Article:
I shake my head. This can’t be happening now, not on the first date that has made me feel normal.
It crawls up the ride.
Bony fingers cling to the metal framework.
An x-ray of bones shine through its skin. I lean forward and grip the safety bar with my fingers, gripping so hard that the whites of my knuckles protrude through my skin, like the bones of the Thing climbing up to me.
“What do you want?” I whisper.
“What did you say?” Seth asks.
“Nothing,” I reply.
“Are you all right? You look a little pale? It’s the ride, isn’t it? Don’t worry, it gets a bit stiff sometimes, when it’s been inactive for a few minutes. Did I frighten you with what I said? Honestly, it’s fine. Damo knows how to—”
The ride stops so abruptly that I’m thrust forward against the safety bar. My head snaps forward, painfully. One of the bears slips from my grasp and hurtles down towards the black ground below.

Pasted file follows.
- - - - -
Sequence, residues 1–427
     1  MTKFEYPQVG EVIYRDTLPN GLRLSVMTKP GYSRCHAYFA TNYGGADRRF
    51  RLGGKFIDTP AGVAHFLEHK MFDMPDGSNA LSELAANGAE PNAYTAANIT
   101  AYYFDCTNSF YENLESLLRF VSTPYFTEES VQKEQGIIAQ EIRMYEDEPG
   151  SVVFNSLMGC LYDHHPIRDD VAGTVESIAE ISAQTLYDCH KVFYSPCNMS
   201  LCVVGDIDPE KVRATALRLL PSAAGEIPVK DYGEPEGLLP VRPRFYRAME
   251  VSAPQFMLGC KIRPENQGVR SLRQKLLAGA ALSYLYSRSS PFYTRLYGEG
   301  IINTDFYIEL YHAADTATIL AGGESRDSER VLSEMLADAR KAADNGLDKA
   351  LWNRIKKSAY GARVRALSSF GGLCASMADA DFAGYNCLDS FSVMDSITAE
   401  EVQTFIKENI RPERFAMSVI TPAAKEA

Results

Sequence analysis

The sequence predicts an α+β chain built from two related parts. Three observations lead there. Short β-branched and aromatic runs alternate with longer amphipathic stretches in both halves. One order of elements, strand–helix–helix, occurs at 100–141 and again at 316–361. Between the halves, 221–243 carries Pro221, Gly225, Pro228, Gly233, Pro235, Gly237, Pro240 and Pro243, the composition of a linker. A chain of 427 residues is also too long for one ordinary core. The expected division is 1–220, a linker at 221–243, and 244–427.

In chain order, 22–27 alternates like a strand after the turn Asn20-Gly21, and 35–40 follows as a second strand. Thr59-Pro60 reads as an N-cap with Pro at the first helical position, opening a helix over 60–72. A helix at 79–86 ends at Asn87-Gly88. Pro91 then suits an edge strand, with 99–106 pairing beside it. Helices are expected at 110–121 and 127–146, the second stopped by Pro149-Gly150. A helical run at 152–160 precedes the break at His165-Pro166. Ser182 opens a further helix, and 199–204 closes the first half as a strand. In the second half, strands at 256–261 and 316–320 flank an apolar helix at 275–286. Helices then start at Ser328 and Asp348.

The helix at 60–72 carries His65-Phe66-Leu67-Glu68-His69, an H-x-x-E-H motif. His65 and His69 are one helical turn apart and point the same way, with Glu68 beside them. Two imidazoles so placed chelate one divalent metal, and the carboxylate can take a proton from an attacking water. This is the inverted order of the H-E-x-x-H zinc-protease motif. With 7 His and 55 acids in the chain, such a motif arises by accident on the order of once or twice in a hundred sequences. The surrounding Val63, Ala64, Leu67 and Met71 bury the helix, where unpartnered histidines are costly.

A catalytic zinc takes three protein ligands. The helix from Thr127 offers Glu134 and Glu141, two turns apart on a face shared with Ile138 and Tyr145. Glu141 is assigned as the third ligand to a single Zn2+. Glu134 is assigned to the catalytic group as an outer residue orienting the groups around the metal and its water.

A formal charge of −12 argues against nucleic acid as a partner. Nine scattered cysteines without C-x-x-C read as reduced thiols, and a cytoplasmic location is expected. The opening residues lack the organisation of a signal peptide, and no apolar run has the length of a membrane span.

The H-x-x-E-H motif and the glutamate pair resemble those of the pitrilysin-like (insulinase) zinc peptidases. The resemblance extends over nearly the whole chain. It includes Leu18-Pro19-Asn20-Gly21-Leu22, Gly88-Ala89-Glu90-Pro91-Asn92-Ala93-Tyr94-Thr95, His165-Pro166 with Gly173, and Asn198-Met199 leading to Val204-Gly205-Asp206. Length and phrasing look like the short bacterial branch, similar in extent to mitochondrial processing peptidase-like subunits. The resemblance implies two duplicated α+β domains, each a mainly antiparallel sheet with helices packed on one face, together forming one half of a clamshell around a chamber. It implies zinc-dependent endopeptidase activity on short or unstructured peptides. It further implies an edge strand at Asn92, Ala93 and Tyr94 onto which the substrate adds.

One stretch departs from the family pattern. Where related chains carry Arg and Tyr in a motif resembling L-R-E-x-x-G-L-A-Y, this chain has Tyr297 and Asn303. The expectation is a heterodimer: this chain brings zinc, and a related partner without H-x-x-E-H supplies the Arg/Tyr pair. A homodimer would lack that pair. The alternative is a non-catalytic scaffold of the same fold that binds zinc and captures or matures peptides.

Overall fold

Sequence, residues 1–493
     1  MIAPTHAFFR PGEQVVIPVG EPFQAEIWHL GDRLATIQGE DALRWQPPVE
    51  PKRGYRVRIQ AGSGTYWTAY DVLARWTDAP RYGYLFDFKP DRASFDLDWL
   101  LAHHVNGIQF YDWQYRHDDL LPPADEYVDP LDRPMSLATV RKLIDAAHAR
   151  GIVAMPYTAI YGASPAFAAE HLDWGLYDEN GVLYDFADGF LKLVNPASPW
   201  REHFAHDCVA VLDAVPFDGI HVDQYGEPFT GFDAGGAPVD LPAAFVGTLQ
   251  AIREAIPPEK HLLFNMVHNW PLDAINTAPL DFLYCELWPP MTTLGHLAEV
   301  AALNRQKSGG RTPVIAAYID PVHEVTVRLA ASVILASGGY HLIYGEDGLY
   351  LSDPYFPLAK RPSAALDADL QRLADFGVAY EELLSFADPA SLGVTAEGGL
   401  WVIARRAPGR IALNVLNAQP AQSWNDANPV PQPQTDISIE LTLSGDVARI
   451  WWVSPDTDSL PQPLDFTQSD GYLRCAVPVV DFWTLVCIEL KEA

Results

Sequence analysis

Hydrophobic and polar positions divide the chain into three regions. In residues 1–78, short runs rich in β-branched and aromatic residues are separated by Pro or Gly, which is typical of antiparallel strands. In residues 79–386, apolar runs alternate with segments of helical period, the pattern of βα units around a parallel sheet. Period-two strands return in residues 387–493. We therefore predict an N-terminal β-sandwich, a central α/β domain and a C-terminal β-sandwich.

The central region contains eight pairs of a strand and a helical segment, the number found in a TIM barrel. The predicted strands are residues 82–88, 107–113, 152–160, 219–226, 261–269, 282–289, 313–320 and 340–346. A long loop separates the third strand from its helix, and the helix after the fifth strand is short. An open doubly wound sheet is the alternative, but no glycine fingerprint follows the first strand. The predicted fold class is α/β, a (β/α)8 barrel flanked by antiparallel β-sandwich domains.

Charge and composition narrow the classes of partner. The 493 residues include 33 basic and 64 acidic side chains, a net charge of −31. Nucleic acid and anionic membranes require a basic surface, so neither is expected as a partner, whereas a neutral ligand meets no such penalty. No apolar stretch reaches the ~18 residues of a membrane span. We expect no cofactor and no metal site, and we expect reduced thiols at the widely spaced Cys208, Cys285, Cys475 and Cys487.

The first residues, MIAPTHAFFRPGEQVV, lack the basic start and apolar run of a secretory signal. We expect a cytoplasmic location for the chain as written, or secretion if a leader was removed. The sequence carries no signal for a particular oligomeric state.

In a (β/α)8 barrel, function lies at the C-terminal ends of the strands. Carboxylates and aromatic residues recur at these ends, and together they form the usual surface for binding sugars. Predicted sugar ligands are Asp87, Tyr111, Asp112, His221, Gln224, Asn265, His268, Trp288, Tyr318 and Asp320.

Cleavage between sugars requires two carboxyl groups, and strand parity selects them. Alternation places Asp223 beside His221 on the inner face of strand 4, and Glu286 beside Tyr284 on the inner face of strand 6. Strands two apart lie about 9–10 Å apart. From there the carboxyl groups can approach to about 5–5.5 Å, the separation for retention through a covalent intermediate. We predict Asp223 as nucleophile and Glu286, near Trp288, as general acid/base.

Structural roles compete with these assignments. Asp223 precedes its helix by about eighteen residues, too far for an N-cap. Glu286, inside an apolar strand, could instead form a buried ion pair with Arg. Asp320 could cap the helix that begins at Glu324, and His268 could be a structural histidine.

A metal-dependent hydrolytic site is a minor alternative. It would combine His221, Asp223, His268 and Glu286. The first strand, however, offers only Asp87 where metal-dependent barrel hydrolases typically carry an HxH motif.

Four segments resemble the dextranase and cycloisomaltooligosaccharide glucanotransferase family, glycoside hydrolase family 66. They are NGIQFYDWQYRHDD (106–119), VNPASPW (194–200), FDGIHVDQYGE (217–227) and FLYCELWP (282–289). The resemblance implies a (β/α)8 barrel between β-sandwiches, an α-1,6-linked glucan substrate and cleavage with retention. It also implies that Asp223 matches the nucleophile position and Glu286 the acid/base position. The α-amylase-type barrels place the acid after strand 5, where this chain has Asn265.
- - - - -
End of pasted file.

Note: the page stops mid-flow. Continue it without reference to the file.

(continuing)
“Shit.” Seth grabs hold of my shoulders and pulls me back against the seat. “That’s never happened before. Are you all right?”
The Thing is gone. It has passed on the warning, showing me its hideous face. Now I have to wait for whatever horrible event is about to happen.
Are we going to die?
The Ferris wheel bench rocks back and forth, suspended halfway down the 80 foot full height of the wheel, as boasted on the sign by the ticket booth. Seth holds me tight, his anxious face turned down towards the control booth below.
“Damo?” he shouts. “Damo, what’s happening down there, pal?”
There’s the scrape of a door opening and a small voice calls up. “Summats up, mate. The controls have gone funny. I keep trying to get you down, but then it… it’s like it has a life of its bloody own.”
Seth rubs his chin. The wheel lurches forward again, this time making me cry out and grip onto Seth’s arm tighter.
“I’ve got you,” he murmurs. “It’s gonna be all right.”
I shake my head. No it isn’t. When the Things show up, it’s because someone is going to get hurt. It’s not usually me, it’s someone else. Death follows me.
“This is my fault,” I whisper.
“What?” he says.
“Bad things happen… you… you should get away from me.”
Our seat rocks forward, forcing us both up against the safety bar. “This isn’t your fault—”
The bench drops an inch to the left, but my heart drops to my knees. We slide together, hitting the edge. In a moment of utter panic I realise that the chain has come loose at the top. There’s a good chance it will break altogether and we’ll fall…